GLASGOW, Scotland – It takes a special type of character to march into hostile territory and walk the walk. The news for fight fans is that “The Blue Machine” is for real.
An 8,000-strong crowd at the SSE Hydro booed IBF junior welterweight titleholder Julius Indongo incessantly, as he made his way to the ring, but he wasn’t listening. The unbeaten Namibian maintained his focus to score a wide 12-round unanimous decision over Ricky Burns to add the WBA 140-pound title to his collection.
The scores were 120-108, 118-110 and 116-112 for the new unified titleholder.
“The better man won,” said Burns during his post-fight interview. “He was so awkward and he can hit. The height and reach advantage (were troublesome) and he was always out of distance. I’ll sit down with (promoter) Eddie (Hearn) on Monday and see where we go from here.”
Indongo, who was rated No. 6 by THE RING at 140 pounds coming in, took ring center early and dictated behind big left hands out of the southpaw stance. Burns, instantly concerned about the power coming at him, did well to avoid serious damage but he was forced to watch during the early stages.
The Scotsman began to fight in the third, landing with a brace of sharp right hands, but he struggled to maintain any real consistency. Indongo’s right jab was effective, the follow-up left was damaging, and he diversified that shot extremely well between body and head. That type of variable offense kept the home fighter guessing.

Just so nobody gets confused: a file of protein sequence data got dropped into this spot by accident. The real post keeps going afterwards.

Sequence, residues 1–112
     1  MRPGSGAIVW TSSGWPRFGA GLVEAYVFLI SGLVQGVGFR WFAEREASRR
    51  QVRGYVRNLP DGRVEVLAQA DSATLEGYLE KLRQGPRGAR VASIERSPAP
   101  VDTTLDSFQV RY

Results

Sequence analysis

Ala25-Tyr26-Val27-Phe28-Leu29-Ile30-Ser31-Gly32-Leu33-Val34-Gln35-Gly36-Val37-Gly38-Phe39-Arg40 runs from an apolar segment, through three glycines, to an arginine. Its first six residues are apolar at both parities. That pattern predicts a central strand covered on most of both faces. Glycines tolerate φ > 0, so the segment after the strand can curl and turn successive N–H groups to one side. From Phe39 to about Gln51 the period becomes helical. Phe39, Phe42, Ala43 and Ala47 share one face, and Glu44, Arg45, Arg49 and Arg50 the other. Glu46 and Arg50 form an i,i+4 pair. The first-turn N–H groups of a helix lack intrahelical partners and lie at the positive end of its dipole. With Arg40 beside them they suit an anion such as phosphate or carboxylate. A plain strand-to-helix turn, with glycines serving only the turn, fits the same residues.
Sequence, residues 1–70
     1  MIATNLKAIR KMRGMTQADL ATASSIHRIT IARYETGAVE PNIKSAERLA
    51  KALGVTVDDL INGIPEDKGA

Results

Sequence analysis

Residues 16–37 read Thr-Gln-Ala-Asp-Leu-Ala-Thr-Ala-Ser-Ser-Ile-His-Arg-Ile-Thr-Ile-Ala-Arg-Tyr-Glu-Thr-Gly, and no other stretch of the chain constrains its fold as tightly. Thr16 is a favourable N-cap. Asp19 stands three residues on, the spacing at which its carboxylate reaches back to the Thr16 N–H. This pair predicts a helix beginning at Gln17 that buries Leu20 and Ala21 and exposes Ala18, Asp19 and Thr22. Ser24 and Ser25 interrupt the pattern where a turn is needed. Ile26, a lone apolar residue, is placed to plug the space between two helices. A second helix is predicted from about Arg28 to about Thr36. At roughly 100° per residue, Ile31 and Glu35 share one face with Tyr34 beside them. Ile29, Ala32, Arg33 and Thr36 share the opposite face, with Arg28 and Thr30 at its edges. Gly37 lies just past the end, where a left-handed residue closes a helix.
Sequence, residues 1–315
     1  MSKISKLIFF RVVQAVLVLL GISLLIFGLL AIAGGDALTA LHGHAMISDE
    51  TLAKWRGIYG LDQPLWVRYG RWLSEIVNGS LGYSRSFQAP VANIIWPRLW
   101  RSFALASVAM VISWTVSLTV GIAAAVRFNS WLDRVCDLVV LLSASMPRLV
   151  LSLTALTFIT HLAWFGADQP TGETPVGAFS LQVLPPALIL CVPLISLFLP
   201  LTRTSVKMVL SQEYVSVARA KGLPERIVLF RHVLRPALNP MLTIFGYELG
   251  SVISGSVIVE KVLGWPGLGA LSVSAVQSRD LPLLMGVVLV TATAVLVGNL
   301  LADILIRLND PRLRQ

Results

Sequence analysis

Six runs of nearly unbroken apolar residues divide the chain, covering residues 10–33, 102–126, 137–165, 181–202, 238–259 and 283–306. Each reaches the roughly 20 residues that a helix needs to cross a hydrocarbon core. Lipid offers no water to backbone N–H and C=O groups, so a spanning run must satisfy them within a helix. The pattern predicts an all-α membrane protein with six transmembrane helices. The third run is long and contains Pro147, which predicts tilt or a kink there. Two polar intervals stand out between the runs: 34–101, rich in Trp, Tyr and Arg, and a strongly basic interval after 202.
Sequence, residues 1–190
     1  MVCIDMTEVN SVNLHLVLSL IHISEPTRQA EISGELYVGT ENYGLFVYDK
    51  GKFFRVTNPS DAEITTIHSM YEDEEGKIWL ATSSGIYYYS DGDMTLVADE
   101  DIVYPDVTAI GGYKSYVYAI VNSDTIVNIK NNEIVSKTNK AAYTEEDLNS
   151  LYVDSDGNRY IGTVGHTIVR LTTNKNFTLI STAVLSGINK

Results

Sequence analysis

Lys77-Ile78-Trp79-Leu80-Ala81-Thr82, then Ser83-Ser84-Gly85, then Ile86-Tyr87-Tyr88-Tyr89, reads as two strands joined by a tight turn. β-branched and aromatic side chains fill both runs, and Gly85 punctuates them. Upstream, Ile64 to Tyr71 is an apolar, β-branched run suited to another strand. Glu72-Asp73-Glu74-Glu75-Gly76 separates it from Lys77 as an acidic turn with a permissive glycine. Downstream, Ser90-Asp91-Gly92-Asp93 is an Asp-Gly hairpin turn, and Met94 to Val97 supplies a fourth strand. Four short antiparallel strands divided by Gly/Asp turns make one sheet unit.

Burns sensed urgency and had his best round in the sixth. He drove the Namibian backward and applied steady pressure with some quick combinations. A nice left-hand counter was coming over the top of Indongo’s right jab but the success disappeared as quickly as it came. The clock was ticking and Burns’ raucous home support tried their best to lift their man. It was all in vain.
There was a train of thought that Indongo (22-0, 11 knockouts) had landed the lottery punch when he iced Eduard Troyanovski in just 40 seconds last December. That night in Moscow, one big left hand was all it took and the rangy Namibian was a world titleholder. The downside of such a stunning victory is that there’s room for doubt. Was it a lucky punch? Was Troyanovski caught cold? Did Troyanovski underestimate Indongo?
After tonight, those questions are likely to cease.
Burns (41-6-1, 14 KOs) had won the vacant WBA junior welterweight title by stopping Michele Di Rocco in eight rounds last May. He went through hell in his first defense, against Kiryl Relikh, but managed to pull out a 12-round unanimous decision. Burns then immediately targeted Indongo and while that gamble may have backfired, expect to see the proud Scotsman back in the ring this year.
For Indongo, the sky is the limit.
Tom Gray is a UK Correspondent/ Editor for RingTV.com and a member of THE RING ratings panel. Follow him on Twitter: @Tom_Gray_Boxing
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